Perry strategic plan looking at new fees, more civic involvement

mstucka@macon.comMay 21, 2014 

PERRY -- The city’s plan for its future began to take shape Wednesday when residents working on the strategic plan called for improved outreach to minorities and strategic partners, traffic circles at two of the city’s busy but strange intersections, and improvements for recreation.

The strategic planning process is intended to work in both the short and long terms, and participants Wednesday offered specific suggestions. One of the few holes was in the city government’s efforts to find more revenue.

Mayor Jimmy Faircloth said the city is interested in looking at revenue sources that generally pay for related services. The city already has a stormwater utility fee that is paying for upgrades to its stormwater systems. Meanwhile, Perry is considering a fire fee to cover costs of growing the city’s fire department.

Faircloth even mentioned naming rights.

“I am all for reducing taxes and fees and whatever you call it, but unless we reduce the service we need an alternative (source of revenue),” he said.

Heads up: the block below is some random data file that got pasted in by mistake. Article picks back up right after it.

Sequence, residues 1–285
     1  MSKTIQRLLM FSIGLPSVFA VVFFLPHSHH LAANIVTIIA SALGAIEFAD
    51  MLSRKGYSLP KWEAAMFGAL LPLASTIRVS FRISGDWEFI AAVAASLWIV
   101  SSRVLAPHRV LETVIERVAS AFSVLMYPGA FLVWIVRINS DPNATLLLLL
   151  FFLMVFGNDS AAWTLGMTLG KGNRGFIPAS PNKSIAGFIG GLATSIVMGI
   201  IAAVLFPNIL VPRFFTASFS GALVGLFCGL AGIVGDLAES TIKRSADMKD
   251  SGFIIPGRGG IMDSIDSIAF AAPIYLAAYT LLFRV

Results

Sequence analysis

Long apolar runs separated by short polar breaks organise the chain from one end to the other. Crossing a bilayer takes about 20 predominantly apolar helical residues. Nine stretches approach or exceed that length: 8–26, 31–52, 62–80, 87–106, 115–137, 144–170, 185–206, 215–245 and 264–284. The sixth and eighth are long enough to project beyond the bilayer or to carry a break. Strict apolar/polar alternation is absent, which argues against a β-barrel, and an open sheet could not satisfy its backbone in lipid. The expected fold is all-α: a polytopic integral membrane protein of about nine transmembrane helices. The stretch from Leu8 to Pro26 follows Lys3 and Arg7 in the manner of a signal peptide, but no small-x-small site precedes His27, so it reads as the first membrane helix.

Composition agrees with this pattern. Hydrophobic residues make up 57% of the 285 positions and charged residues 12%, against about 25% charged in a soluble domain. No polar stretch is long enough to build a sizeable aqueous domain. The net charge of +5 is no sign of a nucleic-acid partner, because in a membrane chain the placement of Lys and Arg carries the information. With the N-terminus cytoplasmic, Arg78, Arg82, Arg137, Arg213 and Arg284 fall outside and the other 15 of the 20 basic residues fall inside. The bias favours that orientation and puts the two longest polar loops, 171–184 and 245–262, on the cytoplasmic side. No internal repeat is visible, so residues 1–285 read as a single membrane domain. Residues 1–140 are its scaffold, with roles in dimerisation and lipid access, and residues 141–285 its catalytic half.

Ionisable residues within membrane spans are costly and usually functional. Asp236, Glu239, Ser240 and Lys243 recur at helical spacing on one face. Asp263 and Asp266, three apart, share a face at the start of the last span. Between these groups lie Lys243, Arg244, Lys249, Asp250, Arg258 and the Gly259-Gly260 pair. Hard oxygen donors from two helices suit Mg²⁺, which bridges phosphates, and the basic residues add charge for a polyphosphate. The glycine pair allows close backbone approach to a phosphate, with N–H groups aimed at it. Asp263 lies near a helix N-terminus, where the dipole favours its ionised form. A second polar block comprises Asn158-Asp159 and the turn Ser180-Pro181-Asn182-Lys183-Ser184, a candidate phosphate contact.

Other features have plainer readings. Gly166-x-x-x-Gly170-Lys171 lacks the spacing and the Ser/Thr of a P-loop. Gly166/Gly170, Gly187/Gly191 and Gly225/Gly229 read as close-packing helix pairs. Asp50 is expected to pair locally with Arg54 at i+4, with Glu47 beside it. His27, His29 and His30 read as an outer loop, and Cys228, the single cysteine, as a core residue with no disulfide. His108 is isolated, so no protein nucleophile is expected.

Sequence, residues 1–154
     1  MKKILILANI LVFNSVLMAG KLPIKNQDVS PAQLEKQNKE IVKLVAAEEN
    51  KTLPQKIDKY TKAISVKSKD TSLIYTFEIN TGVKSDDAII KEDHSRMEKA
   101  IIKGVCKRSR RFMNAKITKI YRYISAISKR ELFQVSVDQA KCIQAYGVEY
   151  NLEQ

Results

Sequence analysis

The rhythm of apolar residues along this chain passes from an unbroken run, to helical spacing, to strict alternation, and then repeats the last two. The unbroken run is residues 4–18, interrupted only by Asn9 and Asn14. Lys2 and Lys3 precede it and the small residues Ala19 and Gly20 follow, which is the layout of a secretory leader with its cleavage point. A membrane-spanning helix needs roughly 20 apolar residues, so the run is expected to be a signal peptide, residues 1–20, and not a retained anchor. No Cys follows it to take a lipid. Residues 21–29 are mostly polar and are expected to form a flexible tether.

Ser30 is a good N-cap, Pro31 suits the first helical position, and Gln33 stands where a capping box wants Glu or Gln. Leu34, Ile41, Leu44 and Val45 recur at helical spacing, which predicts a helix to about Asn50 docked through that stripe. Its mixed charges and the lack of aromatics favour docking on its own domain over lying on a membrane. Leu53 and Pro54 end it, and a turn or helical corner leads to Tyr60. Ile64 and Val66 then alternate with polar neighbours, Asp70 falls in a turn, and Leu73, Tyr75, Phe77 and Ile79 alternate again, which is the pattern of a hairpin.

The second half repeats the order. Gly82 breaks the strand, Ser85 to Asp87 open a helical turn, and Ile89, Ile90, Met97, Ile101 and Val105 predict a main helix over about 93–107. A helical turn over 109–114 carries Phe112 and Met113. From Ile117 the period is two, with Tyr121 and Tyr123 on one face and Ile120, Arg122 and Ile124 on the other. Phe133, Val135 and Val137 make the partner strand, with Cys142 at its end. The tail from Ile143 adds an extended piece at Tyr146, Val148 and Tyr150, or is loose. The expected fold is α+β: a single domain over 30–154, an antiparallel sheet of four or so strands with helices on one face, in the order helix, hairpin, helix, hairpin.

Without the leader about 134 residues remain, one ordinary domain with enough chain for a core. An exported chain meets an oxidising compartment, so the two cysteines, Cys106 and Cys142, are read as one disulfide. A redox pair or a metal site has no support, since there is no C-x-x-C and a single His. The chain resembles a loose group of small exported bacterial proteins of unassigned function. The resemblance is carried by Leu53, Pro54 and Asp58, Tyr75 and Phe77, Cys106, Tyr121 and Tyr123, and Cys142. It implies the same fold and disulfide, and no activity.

City residents continued to brainstorm ways to improve downtown housing and businesses. The city also has been working to find ways to upgrade Gen. Courtney Hodges Boulevard, a major commercial route and gateway to the city that is dilapidated.

Improved communication appears likely to be a major focus of the city’s strategic plan. Several committees said the city had to get more diversity in public meetings and other parts of civic life.

That could start with simple efforts such as getting community events advertised in church bulletins or printing a city newsletter to distribute at events for senior citizens.

Planners also want to ensure good communication among different groups, including the city government, chamber of commerce, Robins Air Force Base and the Georgia National Fairgrounds.

Behind many of the discussions was a realization that Perry’s government does not have much money to throw at problems.

“We’ve got to do this with partners and volunteers. There’s no other way we can do this,” said Terry Moody Walker, the wife of a City Council member and leader of the study committee on recreation.

A draft of the plan is expected in about a month.

To contact writer Mike Stucka, call 744-4251.

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